The safety net includes both social insurance programs that are “universal” – read more

Report Explores Contributions of Refugees to Kentucky and the U.S.

By Gayle Bartilow
July 27, 2016

A recent report from the Center for American Progress (CAP) shows  Kentucky is home to refugee populations that rank our state and some metro areas among those with the largest identified refugee communities across the U.S. Using Census data to look at four groups in particular — Bosnian, Burmese, Hmong, and Somali, who together make up about one in every five refugees resettled in the U.S. since 1982 — the report explores their success at integrating into and contributing to their new communities.

As CAP discusses, Kentucky has the 13th read more

New Report Shows Cause for Concern Over High Income Inequality in Kentucky

By Anna Baumann
June 16, 2016

The top one percent of earners in Kentucky have taken home one-fourth of all income growth in the recovery from the Great Recession, continuing a decades-long trend of rising income inequality in the Commonwealth and across the nation. A new report from the Economic Policy Institute measures this trend at the national, regional, state and local level, showing, for instance, that while real income for the wealthiest 1 percent of Kentuckians rose by 60.1 percent between 1979 and 2013 (the last year for which data are available), it dropped by read more

How Income Inequality Looks Across Kentucky Counties

By Dustin Pugel
June 16, 2016

The average income of the top 1 percent of Kentuckians is 16.6 times greater the average income of everyone else in the state according to a new report by the Economic Policy Institute. The report determined the average income of the top 1 percent earners in Kentucky is $619,585 compared to an average income of $37,371 for the “bottom” 99 percent using IRS tax return data from 2013.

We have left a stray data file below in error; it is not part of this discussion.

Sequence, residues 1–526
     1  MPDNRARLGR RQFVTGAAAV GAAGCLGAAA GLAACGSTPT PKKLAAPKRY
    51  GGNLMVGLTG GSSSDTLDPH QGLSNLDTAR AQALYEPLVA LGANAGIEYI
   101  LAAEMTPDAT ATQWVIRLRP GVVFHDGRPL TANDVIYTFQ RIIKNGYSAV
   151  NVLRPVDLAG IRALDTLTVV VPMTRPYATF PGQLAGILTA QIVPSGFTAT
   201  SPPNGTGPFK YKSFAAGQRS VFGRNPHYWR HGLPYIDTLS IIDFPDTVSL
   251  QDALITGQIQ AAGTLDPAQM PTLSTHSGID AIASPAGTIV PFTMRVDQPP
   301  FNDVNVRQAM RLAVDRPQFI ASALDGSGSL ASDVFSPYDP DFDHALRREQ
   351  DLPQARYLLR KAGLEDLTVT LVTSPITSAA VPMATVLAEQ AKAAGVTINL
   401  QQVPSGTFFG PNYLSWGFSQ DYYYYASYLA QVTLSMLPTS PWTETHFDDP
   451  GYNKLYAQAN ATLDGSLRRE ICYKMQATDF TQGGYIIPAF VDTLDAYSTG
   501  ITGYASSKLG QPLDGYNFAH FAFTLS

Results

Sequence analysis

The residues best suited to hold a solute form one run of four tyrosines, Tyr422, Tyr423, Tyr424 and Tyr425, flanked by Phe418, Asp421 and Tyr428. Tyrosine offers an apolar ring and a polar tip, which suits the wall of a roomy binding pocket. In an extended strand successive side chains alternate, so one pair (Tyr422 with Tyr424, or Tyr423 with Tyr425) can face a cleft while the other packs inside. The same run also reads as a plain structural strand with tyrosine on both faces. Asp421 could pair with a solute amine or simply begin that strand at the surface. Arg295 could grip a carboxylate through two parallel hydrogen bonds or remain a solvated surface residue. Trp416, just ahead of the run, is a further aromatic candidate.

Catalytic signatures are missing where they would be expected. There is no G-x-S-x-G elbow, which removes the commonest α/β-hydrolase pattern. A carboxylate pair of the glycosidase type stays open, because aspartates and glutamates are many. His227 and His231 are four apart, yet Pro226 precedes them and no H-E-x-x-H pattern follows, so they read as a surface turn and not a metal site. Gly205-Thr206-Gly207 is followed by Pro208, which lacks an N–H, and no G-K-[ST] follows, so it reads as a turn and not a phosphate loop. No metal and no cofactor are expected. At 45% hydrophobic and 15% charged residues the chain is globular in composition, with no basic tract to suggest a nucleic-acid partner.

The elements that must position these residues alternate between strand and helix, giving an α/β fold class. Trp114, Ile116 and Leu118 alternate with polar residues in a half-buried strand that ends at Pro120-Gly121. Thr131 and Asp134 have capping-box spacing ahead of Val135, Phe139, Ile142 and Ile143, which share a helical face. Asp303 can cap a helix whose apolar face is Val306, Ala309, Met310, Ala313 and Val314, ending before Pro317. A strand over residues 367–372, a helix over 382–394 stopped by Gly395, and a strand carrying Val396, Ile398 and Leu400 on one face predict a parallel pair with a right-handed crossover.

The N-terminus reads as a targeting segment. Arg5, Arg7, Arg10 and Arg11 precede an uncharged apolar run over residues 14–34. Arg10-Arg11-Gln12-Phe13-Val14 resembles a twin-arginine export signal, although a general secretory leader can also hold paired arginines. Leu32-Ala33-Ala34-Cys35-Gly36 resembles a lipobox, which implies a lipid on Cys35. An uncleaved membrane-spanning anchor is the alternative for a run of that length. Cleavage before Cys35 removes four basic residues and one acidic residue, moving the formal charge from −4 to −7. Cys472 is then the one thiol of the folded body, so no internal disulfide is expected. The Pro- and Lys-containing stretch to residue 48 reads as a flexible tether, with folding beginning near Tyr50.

When looking at counties, the ratio of top income earners to the rest varies from 5.9 in Robertson county to 21.9 in read more

Federal Payday Lending Rule a Win for Kentuckians

By Dustin Pugel
June 2, 2016

To read KCEP’s submitted comments on the rule, click here.

The Consumer Financial Protection Bureau (CFPB) released its long awaited proposed rule to reign in many abusive practices of payday lenders nationwide. In Kentucky, this would impact roughly 200,000 mostly low-income payday lending customers.

While Kentucky law limits annual interest rates on financial products to a maximum of 36 percent, payday lenders are exempt, and can issue unsecured loans for $15 per $100 borrowed, for up to $500, often for a 2-week term. Borrowers are not allowed to have more read more

Understanding Pension Contributions in the Final Budget

By Jason Bailey
May 26, 2016

The issue of pensions for Kentucky public employees and teachers is complex, and the two main pension systems — the Kentucky Retirement Systems (KRS) and the Kentucky Teachers’ Retirement System (KTRS) — are in distinct but related predicaments.

While a number of factors are at play in the conditions facing these funds, the primary reason for the challenges facing them is the failure of the General Assembly in the past to make the actuarially required contribution (ARC). The ARC is the amount of money that should be contributed annually to read more